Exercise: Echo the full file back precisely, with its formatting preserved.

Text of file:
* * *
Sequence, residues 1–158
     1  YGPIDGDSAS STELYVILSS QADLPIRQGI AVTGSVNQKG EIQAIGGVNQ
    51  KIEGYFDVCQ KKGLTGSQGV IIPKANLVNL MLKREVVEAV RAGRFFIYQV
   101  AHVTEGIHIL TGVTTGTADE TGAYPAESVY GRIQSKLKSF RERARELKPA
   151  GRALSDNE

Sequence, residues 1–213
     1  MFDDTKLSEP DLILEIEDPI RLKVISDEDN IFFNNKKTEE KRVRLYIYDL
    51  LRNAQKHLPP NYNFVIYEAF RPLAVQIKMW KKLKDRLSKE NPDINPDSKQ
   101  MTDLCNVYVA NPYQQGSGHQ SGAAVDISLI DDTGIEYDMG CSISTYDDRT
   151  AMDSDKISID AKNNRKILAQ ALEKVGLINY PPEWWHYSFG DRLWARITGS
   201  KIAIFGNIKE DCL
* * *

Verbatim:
Sequence, residues 1–158
     1  YGPIDGDSAS STELYVILSS QADLPIRQGI AVTGSVNQKG EIQAIGGVNQ
    51  KIEGYFDVCQ KKGLTGSQGV IIPKANLVNL MLKREVVEAV RAGRFFIYQV
   101  AHVTEGIHIL TGVTTGTADE TGAYPAESVY GRIQSKLKSF RERARELKPA
   151  GRALSDNE

Sequence, residues 1–213
     1  MFDDTKLSEP DLILEIEDPI RLKVISDEDN IFFNNKKTEE KRVRLYIYDL
    51  LRNAQKHLPP NYNFVIYEAF RPLAVQIKMW KKLKDRLSKE NPDINPDSKQ
   101  MTDLCNVYVA NPYQQGSGHQ SGAAVDISLI DDTGIEYDMG CSISTYDDRT
   151  AMDSDKISID AKNNRKILAQ ALEKVGLINY PPEWWHYSFG DRLWARITGS
   201  KIAIFGNIKE DCL